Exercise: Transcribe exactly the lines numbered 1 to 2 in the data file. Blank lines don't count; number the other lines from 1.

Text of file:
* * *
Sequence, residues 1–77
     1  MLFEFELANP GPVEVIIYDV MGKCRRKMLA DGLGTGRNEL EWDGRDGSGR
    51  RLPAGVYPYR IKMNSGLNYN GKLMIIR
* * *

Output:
Sequence, residues 1–77
     1  MLFEFELANP GPVEVIIYDV MGKCRRKMLA DGLGTGRNEL EWDGRDGSGR